The d66 is a die that is not a die. There is, AFAIK, no such thing as a physical d66.

The d66 is however, used extensively in old Games Workshop games, and ocasionaly elsewhere. The principle is that you roll two differently coloured d6, and say beforehand which colour is to be the tens digit, and which is to be the units. This gives 36 possible results between 11 and 66. As it is not continuous (at least not if you interpret the result in base 10) it can only really be used for randomization tables, of which GW was VERY fond.

Modern games tend to use d100 instead of d66 for big randomization tables, as they're more intuitive (being percentile). I believe the only reason d66 were used in GW games was because most of the GW game systems were based mainly around d6, and most players didn't have the d10 needed to do percentile rolls

D66 is a political party in the Netherlands. It's an abbreviation of Democraten '66, and was founded in, well, 1966. It's the first party to choose for a balance between the environment and the economy and is a progressive social liberal party.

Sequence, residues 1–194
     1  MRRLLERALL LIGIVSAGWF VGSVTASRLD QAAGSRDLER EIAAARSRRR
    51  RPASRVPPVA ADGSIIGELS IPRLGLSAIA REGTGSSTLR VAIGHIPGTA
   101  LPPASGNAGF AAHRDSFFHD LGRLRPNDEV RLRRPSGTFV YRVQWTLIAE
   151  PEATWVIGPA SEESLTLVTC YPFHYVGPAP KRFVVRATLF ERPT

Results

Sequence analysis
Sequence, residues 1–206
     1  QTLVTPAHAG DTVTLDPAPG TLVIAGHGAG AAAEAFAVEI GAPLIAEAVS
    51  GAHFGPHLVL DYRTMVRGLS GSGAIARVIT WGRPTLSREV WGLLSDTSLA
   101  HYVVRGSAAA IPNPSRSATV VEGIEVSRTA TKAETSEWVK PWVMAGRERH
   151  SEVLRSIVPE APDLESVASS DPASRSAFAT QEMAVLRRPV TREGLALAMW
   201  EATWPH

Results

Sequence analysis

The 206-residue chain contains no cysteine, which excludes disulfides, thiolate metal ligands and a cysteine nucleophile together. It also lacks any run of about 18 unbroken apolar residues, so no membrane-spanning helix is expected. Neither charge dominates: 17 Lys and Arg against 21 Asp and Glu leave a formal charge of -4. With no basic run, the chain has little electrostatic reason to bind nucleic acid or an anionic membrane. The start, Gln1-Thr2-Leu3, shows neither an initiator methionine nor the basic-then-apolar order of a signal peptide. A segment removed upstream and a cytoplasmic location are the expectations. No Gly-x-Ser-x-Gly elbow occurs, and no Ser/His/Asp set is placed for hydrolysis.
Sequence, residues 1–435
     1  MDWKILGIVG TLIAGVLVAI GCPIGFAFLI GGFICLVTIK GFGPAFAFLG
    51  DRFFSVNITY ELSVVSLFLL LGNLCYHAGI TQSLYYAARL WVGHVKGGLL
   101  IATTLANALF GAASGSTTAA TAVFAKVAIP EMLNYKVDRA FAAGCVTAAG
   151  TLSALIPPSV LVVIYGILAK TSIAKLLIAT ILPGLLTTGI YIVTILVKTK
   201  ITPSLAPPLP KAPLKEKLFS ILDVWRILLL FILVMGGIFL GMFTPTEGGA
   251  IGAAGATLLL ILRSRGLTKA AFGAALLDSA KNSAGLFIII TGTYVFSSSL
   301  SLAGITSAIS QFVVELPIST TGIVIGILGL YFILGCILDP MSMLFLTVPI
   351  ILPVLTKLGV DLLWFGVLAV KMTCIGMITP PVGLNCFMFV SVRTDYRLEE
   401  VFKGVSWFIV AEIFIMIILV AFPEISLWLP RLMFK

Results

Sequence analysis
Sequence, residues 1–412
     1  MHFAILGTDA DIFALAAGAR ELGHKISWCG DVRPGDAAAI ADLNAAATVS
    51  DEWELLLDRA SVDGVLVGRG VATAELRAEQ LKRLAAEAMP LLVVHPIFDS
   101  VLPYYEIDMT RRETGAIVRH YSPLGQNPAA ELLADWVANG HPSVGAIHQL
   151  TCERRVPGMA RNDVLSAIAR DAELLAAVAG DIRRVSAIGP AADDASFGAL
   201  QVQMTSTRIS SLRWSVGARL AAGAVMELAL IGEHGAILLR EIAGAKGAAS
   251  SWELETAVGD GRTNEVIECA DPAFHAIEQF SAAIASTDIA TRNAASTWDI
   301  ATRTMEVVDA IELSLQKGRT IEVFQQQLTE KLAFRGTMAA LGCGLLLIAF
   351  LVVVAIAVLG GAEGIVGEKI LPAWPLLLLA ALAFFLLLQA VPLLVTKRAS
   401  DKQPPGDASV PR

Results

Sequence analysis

The current leader of the party is Thom de Graaf, and the party has 7 seats in the 150-seat parliament (the Tweede Kamer), 4 in the 75-seat Eerste Kamer and 2 in the European Parliament.

D66 stands for personal freedom and the ability for people to lead their own lives by their own values, and they're supporters of the unalienable right to the freedom of speech. Following from that, they also support the right to self-determination over your body, supporting euthanasia and abortion.

During the 2002 elections they opted for new educational and healthcare system, as there were huge problems finding teachers and doctors. They also wanted to increase the budget for culture and change the policies for the WAO (Wet Arbeidsongeschiktheid, Law on the Incapacity for Work) so more people with disablities can get better jobs and simplify the tax system by scrapping allowable deductions in exchange for lower rates.


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